Jeon Tong Noodle House 

Jeon Tong Noodle House breaks the mold of shabby Buford Highway haunts by looking more like a Korean grandmother's living room than a drab ethnic eatery. The inside is freckled with plants, ceramic Korean dolls, silk orchids and knickknacks that together provide a pleasant, and sparkling clean, eating experience.

Korean Supersize: "I'm an American, I already have enough fat in my diet," my husband cracks when I try to get him to stop peeling the curl of fat off of each slice of soft steamed pork that lays in front of us. The pile of shank meat is served on a large white platter surrounded by crisp leaves of lettuce, slices of raw garlic and chunks of jalapenos. There are two size options: medium or large ($19.99 and $24.99). Don't be fooled by the word "medium." This platter could feed at least three.

The lettuce is not for decoration. Grab a leaf and stuff it with the pork and accompaniments. The circus of flavors swirls in each bite, riffing between garlicky pops and peppery burns with a quiet pork taste anchoring each mouthful. Three dipping sauces tantalize all tastes: a piquant bean paste, dried squid and fresh peppers in vinegar, or a spicy red sauce with a touch of sweetness.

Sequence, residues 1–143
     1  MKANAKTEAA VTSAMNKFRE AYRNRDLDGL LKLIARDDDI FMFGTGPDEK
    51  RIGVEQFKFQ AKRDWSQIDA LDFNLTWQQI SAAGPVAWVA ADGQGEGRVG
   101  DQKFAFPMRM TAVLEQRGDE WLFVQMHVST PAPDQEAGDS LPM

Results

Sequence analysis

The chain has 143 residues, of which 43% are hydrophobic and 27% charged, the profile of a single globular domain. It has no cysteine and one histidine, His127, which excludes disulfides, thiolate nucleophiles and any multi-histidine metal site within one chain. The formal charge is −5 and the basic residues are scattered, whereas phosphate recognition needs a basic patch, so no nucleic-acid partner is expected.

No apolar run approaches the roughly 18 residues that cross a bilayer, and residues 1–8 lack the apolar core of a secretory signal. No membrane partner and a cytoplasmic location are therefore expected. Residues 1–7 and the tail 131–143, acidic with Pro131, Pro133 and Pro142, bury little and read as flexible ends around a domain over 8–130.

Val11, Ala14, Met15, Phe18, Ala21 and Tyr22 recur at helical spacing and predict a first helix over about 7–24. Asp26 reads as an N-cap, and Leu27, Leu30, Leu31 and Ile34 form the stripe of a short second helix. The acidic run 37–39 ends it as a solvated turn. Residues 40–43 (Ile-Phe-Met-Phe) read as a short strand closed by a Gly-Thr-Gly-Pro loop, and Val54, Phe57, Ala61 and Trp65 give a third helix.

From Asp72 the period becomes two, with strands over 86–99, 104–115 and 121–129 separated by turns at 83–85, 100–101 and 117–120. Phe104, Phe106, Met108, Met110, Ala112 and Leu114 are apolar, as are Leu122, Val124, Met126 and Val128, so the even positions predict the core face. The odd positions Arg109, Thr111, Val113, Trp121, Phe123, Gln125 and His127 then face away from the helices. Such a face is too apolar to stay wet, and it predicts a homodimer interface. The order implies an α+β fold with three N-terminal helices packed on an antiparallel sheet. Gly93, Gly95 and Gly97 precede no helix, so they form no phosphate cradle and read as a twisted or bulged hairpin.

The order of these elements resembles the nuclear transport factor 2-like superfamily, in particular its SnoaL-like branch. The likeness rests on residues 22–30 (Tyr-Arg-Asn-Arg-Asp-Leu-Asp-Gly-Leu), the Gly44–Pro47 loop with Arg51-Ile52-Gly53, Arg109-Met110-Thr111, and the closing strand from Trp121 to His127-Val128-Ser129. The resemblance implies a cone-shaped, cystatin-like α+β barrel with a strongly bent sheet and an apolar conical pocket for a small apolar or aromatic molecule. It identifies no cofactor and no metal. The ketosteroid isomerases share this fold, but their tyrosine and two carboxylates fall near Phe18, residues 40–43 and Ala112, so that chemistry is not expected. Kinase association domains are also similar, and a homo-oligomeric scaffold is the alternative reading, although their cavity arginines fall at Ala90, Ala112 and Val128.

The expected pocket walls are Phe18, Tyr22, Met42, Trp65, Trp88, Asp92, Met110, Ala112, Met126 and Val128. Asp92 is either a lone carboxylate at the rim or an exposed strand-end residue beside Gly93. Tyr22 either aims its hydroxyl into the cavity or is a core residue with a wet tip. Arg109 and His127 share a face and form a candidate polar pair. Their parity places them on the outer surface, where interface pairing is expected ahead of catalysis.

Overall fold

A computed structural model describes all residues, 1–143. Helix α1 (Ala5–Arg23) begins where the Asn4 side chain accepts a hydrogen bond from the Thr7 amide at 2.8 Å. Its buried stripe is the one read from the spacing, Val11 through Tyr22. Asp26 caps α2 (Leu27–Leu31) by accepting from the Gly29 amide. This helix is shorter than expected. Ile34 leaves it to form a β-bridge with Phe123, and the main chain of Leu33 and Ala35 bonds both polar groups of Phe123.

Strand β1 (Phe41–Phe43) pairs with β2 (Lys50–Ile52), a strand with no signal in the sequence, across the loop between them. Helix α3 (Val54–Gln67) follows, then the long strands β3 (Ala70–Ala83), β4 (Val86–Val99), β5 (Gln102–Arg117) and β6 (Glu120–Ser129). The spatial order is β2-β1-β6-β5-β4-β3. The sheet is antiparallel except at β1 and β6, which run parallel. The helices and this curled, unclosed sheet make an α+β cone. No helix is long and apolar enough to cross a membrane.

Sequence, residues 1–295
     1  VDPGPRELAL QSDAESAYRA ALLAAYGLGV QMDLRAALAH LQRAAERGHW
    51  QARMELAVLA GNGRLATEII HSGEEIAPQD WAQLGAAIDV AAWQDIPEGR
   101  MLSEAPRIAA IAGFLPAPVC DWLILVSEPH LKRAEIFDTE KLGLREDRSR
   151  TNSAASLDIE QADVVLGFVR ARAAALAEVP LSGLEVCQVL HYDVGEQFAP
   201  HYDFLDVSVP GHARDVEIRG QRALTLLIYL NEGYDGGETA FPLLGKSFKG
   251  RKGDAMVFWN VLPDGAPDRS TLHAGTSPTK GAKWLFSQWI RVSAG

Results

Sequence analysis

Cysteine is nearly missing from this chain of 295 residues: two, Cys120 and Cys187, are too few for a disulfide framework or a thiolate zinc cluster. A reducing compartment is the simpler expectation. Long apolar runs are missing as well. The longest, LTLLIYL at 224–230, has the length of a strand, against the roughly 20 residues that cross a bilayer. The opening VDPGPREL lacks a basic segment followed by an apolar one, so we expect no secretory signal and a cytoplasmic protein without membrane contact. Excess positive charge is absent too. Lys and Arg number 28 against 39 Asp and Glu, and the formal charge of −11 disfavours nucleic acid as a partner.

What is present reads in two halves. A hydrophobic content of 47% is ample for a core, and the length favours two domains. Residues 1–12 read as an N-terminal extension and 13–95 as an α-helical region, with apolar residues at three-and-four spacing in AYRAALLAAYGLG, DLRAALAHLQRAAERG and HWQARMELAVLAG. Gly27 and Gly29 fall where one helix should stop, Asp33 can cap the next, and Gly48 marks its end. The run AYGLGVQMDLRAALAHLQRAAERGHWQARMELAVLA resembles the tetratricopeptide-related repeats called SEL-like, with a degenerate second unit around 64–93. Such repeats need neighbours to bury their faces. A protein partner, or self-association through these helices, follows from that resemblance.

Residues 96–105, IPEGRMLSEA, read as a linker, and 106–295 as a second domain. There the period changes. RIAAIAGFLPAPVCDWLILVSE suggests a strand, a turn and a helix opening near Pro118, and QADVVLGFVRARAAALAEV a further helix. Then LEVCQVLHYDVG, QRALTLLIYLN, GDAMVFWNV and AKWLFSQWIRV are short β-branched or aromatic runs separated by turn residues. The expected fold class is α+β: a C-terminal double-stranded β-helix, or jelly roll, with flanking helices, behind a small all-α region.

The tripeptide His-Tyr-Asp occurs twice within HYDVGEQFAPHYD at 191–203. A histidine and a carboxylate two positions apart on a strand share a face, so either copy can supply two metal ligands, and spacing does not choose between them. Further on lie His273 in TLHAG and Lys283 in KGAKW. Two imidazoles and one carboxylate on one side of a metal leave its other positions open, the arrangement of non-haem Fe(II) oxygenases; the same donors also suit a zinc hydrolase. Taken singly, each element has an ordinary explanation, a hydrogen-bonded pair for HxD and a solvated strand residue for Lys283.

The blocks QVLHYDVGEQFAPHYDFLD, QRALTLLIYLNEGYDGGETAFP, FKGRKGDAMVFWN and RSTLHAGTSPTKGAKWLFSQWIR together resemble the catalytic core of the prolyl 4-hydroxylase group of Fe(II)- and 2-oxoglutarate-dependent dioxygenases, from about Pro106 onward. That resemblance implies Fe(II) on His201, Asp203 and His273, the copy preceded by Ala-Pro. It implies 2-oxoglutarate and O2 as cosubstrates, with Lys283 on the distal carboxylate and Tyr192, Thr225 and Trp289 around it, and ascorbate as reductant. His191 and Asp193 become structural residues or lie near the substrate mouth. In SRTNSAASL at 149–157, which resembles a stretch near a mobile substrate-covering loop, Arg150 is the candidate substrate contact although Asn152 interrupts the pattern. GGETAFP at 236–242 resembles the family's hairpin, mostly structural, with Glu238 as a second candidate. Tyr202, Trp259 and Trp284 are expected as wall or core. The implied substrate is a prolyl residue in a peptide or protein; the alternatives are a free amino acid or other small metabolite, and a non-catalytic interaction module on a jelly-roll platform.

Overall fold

The loneliest noodle: Unlike most Asian menus, with streams of dishes, this one is short with only a half-dozen offerings. I am surprised to find only one hot noodle dish on the menu considering this place identifies itself as a noodle house. The seafood noodle bowl ($5.95), a steaming trough of mild broth made from mussels and clams, is served at your table brimming with silken strands of rice noodles. In the bottom there might be a clam, chunk of potato or slice of zucchini, but generally the dish is mostly noodles bathing in a white pepper-scented broth. The soup is delicious and light.

Keep the kimchi coming: Of course, this wouldn't be a Korean restaurant if there wasn't an endless flow of kimchi. I have no idea why so many people turn their noses up at the pickled pungent concoctions. I could eat any of them forever. Two variations -- pickled cabbage with red pepper sauce and turnip squares in the same spicy brew -- are brought to the table complimentary.

If you like the vinegary pucker of pickled cabbage and carrots, try the spicy kimchi and vegetable dumplings ($5.95 for 10 pieces). These slippery steamed dumplings, made fresh daily, pull apart easily, leaving their innards behind in the dipping liquid you mix yourself with soy sauce and vinegar. If kimchi is not your thing, order the fried beef dumplings ($5.95 for eight pieces). The slightly blistered skin of these ground beef bundles stuffed with cellophane noodles and veggies have only the slightest pull between your teeth.

I tried to find out why the menu is small and if there were any dessert options, but the language barrier was rather prohibitive. Instead, I got a warm smile and my check. Maybe Jeon Tong Noodle House doesn't break the Buford Highway mold after all.


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